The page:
Author Topic: Advice For Scanning Old Negatives  (Read 15633 times)

Offline david64

  • RootsChat Veteran
  • *****
  • Posts: 750
  • Snow in Llansilin, 7 Jan 2010
    • View Profile
Advice For Scanning Old Negatives
« on: Wednesday 17 March 10 00:10 GMT (UK) »
There has been quite a bit of talk re. scanning old negs on here. I did quite a lot of research (from next to no photographic background) before buying a scanner and am very happy with the results.

If you want to scan old negatives (or new negatives) there are five main scanners you want to be looking at:

EPSON Perfection 4490 - c. 160
EPSON Perfection V500 - c. 180
EPSON Perfection V600 - c. 225
EPSON Perfection V700 - c. 350
EPSON Perfection V750 - c. 700

More money = more whizz.

The family historian will only really need the 4490. Although it can be quite hard to get hold of these days as the newer models are putting it out of production.

The two biggest questions people have re. scanning negatives are:

1 - What is the quality like?

So long as you buy a good scanner, the quality is very good. The only negative really is with colour photos that are very dark, which tend to come out with a bit of colour noise. Although I think that is more down to bad photography :P Another negative is certain type of matted gloss finished photographs will come out a bit noisy due to the light from the scanner.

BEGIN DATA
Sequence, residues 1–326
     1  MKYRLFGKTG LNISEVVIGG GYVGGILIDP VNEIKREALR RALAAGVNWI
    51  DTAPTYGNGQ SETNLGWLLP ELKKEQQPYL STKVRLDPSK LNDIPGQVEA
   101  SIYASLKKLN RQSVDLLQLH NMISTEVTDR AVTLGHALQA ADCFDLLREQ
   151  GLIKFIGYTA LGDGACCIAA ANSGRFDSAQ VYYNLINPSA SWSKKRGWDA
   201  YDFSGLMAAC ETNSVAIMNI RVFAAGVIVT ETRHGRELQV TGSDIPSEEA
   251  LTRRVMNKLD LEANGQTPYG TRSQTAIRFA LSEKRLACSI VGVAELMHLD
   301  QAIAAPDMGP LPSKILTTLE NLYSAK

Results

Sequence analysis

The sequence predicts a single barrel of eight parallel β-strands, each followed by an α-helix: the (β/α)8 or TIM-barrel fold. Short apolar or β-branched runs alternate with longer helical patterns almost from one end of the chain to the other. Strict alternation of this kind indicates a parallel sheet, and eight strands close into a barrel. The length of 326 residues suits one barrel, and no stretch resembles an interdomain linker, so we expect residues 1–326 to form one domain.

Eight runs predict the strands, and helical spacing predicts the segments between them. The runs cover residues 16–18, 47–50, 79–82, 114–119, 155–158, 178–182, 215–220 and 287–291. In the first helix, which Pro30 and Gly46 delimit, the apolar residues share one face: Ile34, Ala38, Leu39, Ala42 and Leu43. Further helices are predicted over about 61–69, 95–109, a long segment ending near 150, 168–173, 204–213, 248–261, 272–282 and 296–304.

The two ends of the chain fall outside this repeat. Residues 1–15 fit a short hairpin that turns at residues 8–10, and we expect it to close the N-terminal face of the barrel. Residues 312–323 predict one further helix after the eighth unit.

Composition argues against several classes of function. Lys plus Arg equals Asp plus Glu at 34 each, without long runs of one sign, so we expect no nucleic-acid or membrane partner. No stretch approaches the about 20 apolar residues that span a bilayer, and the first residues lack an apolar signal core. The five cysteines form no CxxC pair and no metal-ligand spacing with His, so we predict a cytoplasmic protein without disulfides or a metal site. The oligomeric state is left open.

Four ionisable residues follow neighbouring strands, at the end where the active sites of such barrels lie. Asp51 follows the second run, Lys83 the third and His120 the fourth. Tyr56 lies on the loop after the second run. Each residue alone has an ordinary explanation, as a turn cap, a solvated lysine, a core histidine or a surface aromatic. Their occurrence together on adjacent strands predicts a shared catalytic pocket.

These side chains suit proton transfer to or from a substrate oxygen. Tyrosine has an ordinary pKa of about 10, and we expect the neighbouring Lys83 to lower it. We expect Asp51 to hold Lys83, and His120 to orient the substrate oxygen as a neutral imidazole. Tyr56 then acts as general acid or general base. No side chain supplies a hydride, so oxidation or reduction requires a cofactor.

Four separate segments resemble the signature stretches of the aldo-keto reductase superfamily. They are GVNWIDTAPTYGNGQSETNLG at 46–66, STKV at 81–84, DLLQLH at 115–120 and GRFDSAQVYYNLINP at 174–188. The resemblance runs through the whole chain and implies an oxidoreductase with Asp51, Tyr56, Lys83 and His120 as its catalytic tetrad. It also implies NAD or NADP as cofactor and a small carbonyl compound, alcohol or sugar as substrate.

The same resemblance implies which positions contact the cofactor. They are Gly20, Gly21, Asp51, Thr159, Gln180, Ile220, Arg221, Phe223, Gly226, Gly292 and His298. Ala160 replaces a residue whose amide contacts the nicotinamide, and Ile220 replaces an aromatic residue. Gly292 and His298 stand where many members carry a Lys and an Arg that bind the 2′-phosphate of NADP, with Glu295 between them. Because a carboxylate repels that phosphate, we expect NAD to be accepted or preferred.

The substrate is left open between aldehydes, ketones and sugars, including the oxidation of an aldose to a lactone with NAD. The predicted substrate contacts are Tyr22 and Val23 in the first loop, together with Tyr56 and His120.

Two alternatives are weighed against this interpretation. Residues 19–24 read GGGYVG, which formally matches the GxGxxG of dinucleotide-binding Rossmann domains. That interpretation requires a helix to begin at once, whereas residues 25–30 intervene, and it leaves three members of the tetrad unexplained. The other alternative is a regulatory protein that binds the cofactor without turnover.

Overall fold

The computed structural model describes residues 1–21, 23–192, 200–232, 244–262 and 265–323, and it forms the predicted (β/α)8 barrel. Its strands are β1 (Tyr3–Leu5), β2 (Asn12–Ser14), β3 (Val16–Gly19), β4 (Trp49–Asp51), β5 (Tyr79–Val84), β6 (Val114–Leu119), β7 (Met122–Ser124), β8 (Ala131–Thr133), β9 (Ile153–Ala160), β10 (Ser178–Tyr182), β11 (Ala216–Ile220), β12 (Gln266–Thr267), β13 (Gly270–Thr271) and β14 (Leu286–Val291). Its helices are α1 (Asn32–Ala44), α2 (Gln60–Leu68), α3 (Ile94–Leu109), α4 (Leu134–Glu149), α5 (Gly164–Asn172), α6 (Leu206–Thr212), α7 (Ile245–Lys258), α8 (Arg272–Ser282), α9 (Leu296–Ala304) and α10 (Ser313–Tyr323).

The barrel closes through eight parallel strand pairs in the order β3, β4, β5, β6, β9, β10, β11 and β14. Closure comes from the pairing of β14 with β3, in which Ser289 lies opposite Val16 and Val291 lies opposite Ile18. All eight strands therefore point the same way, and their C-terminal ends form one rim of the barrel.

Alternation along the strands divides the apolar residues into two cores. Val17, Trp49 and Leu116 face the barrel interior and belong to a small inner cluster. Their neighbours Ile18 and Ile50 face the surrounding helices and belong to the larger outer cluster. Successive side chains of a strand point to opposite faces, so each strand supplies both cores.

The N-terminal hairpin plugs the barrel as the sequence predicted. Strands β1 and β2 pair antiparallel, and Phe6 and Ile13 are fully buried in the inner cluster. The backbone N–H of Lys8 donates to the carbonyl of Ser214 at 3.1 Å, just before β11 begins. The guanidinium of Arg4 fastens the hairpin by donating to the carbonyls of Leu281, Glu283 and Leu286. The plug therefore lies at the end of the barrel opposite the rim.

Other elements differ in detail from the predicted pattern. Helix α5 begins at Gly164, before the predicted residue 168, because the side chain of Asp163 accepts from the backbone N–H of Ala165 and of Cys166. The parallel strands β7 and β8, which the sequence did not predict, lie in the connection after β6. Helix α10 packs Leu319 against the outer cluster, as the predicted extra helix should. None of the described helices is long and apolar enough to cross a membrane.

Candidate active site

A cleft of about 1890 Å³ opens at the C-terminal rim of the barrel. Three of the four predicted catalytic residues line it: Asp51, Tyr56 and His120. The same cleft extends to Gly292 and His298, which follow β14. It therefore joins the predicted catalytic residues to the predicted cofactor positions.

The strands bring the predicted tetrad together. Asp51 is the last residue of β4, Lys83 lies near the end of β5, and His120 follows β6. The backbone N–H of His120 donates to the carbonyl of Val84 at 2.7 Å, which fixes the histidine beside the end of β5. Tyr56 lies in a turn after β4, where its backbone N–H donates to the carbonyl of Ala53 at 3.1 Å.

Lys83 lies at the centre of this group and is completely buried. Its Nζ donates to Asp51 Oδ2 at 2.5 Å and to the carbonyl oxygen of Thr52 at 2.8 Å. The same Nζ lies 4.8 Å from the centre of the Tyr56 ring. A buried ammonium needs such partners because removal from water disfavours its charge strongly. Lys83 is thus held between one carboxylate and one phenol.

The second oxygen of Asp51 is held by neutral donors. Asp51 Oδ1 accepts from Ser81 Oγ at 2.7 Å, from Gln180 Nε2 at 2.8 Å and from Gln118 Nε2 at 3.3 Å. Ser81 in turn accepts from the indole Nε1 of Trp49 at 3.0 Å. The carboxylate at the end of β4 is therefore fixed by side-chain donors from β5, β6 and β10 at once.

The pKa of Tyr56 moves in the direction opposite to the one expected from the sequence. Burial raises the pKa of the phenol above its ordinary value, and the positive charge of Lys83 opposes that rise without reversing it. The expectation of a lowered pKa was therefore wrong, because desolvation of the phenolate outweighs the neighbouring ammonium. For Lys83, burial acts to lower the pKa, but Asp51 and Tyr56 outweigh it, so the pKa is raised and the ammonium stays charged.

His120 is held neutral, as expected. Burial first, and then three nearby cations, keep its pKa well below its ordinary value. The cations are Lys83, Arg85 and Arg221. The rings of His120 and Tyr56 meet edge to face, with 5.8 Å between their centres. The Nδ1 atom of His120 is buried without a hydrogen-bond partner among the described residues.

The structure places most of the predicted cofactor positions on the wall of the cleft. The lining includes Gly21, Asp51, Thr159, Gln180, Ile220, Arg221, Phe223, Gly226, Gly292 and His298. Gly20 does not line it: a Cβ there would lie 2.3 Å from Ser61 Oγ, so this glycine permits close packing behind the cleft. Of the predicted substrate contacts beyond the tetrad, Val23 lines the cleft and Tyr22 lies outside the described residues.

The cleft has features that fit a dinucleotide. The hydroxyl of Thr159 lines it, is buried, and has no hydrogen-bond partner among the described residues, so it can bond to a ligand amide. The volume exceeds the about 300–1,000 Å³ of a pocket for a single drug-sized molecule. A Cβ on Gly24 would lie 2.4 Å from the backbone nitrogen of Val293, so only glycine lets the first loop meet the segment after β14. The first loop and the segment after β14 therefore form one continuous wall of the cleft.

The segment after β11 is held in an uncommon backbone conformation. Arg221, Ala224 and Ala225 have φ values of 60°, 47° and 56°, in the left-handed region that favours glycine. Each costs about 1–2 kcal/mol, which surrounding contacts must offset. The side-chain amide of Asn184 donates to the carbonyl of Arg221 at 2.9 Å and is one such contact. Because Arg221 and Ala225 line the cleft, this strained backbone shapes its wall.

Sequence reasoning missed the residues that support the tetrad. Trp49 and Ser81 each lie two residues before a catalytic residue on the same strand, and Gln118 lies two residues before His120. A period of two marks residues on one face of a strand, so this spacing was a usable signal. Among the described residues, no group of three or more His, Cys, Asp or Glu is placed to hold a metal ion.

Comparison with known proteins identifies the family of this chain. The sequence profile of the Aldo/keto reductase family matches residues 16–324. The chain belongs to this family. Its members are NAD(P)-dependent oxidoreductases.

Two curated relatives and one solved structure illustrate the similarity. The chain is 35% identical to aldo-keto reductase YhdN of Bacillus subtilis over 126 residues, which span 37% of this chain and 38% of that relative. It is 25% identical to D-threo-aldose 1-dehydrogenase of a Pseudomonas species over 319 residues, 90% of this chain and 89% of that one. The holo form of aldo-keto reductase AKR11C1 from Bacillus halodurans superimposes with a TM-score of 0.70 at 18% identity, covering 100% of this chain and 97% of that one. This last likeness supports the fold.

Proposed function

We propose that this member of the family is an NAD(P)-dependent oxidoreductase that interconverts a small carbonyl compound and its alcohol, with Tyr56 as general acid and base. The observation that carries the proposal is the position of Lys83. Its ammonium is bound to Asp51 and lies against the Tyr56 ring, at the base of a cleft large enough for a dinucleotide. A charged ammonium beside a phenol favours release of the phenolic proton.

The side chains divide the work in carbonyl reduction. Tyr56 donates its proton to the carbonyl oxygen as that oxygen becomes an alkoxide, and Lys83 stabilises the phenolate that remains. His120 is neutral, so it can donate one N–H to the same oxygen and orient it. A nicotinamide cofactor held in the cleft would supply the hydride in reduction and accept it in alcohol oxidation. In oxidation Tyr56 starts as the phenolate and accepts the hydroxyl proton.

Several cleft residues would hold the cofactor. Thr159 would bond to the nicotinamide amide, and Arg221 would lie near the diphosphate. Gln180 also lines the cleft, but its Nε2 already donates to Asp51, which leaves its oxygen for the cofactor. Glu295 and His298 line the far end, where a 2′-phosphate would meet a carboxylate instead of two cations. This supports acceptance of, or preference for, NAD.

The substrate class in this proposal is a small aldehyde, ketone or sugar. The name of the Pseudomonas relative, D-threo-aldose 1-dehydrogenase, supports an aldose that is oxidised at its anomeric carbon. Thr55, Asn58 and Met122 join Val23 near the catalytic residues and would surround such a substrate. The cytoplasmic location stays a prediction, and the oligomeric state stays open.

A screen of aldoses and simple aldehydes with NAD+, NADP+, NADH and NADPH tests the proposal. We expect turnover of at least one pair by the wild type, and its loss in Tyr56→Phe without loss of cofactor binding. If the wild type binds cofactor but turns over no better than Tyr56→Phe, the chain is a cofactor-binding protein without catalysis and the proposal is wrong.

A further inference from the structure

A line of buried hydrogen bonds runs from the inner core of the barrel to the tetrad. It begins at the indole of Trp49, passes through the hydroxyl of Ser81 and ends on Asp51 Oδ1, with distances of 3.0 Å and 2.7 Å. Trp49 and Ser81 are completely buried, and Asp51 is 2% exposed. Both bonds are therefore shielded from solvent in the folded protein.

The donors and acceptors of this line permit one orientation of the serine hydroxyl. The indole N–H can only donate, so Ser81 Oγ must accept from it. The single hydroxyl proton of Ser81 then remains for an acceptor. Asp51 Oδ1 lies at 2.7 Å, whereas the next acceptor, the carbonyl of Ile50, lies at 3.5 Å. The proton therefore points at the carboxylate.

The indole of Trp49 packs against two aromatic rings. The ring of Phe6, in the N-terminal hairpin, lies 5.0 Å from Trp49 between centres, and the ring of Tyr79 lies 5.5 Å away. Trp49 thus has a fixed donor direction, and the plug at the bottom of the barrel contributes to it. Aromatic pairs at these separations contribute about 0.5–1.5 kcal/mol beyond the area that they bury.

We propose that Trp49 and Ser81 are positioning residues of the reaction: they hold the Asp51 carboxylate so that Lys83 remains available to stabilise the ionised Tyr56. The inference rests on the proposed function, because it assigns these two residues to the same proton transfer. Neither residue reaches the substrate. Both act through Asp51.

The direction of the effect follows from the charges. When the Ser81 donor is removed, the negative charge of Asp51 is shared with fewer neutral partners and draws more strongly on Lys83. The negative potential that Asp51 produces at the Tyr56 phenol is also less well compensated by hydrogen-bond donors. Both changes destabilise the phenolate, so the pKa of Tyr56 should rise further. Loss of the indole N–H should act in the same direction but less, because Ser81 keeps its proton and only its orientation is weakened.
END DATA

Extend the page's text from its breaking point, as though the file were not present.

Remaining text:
2 - What size negatives can I scan?

Unless you have very large negatives (bigger than A4), you should be able to scan negatives of any size - depending on which scanner you buy. The EPSON V600 has an area about 6 inches by 14 inches that is used to scan negatives. While the ESPON V700 can scan negatives that are A4 size.

The negative scanner is on the roof of the scanners. Below you can see the V600 followed by the V700 with their negative scanning plates on the inside of the lid:



So, if your negatives are within that size, you will be able to scan them.


The EPSON scanners also come with technology known as Digital ICE, which automatically removes dust and scratches from colour negatives only. I'm not sure if it works on colour photos though; I think it may work on some depending on what type of dyes etc. the photo is composed of. The results of Digital ICE are very impressive.

RootsChat is the busiest, largest free family history forum site in the country. It is completely free to use. Register now.
Also register instantly with Facebook or Twitter (and other social networks). Start your genealogy search now.